Here’s an example.
Did you know that your eyes are located almost exactly halfway between your chin and the top of your head? Really, they are! They might not look that way to the casual observer (most people assume the eyes are in the upper part of the head) but if you measure in a photograph or in the mirror you’ll see that they ARE right in the middle.
Very deceiving, isn’t it? But that’s what I’m talking about. Never assume anything in art! Now let’s try one more. Here it is.
How did you do? Did you get her balloons all different sizes? Did some overlap? Sometimes new artists are afraid of over lapping objects. Be aware of overlapping objects and don’t be afraid to draw them that way!
How about her features? Did you put them up at the (supposedly) top of her head? Because that’s where they are! At least, they APPEAR to be on top of the head, because she is looking upward.
If you got all or even some of these drawings correct then you’re ready to move on to more difficult material. If you didn’t, no worries! You just need a little more practice.
You can re-draw these pictures or you can find some other very simple cartoon-like drawings to practice with. Try looking at children’s coloring books. You can even go on-line and find simple coloring sheets. The key at this point is to keep them as simple as possible, similar to what we did here.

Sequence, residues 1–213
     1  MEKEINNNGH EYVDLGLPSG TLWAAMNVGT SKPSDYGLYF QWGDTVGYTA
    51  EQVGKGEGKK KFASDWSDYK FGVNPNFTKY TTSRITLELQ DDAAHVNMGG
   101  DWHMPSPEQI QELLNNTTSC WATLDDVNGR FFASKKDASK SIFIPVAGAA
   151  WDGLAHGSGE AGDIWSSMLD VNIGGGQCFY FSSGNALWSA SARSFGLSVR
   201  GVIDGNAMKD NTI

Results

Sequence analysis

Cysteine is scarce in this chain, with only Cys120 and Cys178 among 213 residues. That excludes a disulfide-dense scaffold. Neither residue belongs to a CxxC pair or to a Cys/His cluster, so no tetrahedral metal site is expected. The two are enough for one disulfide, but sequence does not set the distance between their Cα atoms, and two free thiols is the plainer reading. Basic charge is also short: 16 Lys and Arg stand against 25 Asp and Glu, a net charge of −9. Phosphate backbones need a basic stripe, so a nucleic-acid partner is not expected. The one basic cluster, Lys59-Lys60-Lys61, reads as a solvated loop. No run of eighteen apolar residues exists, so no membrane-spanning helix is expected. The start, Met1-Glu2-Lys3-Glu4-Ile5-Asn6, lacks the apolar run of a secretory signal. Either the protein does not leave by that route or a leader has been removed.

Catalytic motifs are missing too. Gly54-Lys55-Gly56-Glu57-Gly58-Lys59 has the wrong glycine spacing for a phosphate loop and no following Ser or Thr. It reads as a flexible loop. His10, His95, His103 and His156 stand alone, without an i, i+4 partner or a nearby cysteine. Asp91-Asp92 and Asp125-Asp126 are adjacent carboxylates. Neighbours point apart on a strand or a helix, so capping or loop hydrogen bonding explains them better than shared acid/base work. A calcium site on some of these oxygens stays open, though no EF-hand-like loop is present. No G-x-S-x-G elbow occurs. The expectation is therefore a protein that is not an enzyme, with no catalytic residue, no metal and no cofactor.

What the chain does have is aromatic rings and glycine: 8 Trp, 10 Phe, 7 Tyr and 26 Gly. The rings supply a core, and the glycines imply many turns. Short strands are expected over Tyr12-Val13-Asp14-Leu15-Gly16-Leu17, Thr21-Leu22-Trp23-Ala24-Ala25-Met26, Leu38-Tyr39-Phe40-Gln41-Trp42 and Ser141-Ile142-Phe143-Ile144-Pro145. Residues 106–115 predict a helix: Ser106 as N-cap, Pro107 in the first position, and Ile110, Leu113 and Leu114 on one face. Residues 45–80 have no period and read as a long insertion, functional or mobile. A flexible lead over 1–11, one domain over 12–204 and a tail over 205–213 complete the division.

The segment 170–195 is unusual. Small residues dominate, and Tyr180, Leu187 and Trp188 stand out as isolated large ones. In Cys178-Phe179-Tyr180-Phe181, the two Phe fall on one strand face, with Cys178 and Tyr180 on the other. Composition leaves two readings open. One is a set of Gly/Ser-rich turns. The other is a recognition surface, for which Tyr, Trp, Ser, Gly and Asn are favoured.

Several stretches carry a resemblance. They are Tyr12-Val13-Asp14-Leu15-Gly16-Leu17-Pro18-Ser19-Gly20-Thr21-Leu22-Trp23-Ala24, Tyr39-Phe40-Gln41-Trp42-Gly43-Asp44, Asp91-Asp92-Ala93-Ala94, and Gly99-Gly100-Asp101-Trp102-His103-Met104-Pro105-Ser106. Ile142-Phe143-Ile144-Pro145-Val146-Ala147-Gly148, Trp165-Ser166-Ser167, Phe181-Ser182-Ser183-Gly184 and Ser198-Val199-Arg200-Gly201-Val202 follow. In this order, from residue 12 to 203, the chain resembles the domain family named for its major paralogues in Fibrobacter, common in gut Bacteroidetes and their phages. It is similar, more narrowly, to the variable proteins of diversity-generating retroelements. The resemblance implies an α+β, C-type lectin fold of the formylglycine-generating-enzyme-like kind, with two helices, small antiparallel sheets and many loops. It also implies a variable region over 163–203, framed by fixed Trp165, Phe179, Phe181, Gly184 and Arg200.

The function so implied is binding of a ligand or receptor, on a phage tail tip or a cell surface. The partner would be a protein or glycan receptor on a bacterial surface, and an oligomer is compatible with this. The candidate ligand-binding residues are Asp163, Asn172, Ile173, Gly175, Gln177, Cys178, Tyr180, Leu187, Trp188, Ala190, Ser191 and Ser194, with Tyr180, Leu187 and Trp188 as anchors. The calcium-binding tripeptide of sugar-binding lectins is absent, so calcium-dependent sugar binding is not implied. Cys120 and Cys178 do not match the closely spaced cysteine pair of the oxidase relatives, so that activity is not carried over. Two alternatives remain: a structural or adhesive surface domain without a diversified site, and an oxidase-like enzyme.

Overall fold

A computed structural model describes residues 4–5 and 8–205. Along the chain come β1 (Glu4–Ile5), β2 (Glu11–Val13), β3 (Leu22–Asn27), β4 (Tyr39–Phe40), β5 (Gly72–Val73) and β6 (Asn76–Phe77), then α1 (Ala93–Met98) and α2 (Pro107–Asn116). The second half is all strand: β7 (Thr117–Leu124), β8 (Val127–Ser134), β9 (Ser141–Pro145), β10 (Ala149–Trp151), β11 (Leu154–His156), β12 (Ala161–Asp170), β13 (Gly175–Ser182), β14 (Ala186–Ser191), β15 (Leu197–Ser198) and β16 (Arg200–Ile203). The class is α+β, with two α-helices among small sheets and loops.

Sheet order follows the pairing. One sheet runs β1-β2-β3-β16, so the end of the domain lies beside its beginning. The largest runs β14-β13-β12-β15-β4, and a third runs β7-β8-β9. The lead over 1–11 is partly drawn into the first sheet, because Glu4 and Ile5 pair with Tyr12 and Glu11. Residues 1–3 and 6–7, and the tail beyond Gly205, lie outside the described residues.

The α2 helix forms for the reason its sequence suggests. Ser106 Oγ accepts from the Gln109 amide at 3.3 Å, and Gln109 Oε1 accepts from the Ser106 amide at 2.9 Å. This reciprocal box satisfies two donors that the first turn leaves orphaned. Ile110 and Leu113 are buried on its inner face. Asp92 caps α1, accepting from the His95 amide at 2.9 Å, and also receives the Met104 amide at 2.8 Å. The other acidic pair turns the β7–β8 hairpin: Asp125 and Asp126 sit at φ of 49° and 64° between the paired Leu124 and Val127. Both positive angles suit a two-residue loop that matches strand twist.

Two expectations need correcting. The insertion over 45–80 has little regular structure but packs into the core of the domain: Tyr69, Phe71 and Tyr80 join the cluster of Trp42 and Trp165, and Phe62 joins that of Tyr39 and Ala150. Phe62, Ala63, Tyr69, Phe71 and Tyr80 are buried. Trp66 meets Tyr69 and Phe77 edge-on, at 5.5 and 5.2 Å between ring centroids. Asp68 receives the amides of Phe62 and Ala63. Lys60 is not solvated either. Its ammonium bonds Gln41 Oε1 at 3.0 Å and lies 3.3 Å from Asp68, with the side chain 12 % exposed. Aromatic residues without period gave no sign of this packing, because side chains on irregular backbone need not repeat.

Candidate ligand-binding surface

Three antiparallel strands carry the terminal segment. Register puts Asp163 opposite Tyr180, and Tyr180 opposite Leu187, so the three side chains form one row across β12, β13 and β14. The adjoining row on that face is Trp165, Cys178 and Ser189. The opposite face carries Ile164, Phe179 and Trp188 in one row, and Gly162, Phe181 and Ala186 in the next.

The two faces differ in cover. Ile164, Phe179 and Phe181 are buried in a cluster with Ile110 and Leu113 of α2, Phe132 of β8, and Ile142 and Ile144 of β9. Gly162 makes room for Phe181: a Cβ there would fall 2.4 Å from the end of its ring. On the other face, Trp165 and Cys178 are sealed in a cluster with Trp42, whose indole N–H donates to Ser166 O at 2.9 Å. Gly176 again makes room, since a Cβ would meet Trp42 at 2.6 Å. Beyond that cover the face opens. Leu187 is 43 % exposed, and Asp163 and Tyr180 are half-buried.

And if you find yourself stuck somewhere without a pencil and paper, you can still work on sharpening your observation skills. Just pick any object in view and look at it—REALLY look at it.
Observe the different parts of the object and their relationship to each other. Is that an interesting tree? Are the branches close together? Far apart? Where does the first branch begin, where does it end?
How close is the door handle on your car to the front of the door? Do your dog’s ears touch his shoulder? Do they stop at the base of his neck? Does the window on your neighbor’s house take up a lot of room or just a little? Does it appear straight? Look at it again. Look at it from a different angle. Does it appear to slant or otherwise change when you look at it from another point of view?
Practice observing anything and everything around you. Once you start “observing” rather than just “seeing” you’re well on your way to becoming a much better artist.